This book has thus far made the case that something new and of more than passing interest is happening in the area of video games. The bizarre behaviors and experiences that have become typical within online games are somewhat worthy of note, but they seem to deserve more serious attention when we realize that, by 2004, they’ve become part of the normal lives of at least 10 million people around the world. Analysts expect that number to rise rapidly for at least the next few years, and it may go on growing after that. One possible limitation on growth might be that the demand for these spaces might dry up at some point. But what if, as discussed toward the end of the last chapter, the synthetic world can really be seen as a substitute for the real world, one that might well have superior features, in some cases, and for some people? We don’t know how many people might find the synthetic world to be better, but it might be quite a few; the historical pattern has been that each new innovation in immersive quality has led to a leap in its population. And so we cannot rely with any confidence on a prediction of slackening demand. Put simply, if we could all live in a world that came closer to our fantasies than this world, how many would resist the temptation to do it?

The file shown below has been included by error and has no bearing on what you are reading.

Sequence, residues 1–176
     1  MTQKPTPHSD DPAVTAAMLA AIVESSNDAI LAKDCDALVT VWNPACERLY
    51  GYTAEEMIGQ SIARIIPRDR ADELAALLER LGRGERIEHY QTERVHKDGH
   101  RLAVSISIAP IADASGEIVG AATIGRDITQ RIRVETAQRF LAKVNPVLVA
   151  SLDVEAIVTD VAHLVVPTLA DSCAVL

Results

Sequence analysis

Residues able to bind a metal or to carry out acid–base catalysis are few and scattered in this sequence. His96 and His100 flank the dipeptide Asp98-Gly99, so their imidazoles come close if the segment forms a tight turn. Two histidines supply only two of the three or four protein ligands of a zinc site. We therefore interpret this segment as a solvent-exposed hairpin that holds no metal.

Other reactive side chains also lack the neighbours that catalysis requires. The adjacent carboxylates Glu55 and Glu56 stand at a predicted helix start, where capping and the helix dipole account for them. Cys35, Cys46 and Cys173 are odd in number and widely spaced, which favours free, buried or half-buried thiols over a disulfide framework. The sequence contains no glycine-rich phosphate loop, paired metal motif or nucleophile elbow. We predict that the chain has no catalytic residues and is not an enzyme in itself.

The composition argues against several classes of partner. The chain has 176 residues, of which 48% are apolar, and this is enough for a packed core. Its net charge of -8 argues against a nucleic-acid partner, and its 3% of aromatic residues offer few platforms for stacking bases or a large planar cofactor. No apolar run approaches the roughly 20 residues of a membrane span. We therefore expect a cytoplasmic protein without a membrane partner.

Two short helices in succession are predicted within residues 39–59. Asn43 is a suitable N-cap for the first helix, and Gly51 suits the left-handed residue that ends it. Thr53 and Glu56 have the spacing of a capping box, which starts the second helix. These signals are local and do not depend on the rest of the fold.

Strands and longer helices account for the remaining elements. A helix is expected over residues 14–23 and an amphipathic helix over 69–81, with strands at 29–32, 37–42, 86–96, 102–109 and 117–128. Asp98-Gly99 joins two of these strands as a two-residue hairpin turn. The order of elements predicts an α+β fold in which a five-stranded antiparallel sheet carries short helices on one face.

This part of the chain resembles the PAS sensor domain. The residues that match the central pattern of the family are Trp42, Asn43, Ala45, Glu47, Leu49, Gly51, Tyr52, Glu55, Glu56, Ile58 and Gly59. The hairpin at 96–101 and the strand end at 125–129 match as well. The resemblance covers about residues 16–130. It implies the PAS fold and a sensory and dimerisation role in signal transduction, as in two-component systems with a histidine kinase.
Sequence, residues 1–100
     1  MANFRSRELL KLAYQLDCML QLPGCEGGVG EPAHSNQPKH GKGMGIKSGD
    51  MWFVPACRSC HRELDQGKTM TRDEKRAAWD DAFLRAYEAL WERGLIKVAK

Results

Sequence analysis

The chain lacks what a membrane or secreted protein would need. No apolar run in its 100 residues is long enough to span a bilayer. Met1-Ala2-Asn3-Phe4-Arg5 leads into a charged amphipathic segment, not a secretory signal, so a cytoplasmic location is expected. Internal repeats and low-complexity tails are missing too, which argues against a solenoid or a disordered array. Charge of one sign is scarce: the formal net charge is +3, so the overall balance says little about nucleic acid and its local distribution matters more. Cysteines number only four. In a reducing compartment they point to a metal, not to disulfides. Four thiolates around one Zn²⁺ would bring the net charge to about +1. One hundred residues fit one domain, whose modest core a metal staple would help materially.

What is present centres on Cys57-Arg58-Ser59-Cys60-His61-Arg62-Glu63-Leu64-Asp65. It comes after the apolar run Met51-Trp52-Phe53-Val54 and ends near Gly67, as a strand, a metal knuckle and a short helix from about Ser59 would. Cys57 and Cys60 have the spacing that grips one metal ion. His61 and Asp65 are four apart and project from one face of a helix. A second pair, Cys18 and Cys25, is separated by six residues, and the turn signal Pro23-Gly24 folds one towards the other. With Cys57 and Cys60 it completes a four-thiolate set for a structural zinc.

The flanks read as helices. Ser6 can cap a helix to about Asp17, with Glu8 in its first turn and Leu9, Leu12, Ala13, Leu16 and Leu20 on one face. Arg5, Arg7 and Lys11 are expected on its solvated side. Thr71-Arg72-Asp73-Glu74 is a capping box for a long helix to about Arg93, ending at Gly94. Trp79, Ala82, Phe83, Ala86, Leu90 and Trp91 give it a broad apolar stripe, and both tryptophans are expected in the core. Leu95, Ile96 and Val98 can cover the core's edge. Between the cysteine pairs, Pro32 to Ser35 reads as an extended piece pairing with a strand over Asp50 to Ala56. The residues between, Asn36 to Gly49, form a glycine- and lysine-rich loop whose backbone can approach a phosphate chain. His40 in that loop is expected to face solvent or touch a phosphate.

The last chapter also assumed that those worlds of fantasy would eventually come online, brought to us by the new technologies that are the subject of this chapter. That claim needs to be examined very carefully. It seems likely in the short term that the makers of virtual worlds will become established as a substantial global industry. And that industry will certainly attempt to meet whatever the demand may be for more and different and better worlds. Whatever is the palette of experiences that people request, one can be fairly confident that a competitive industry will be able to provide it. One might conclude from this that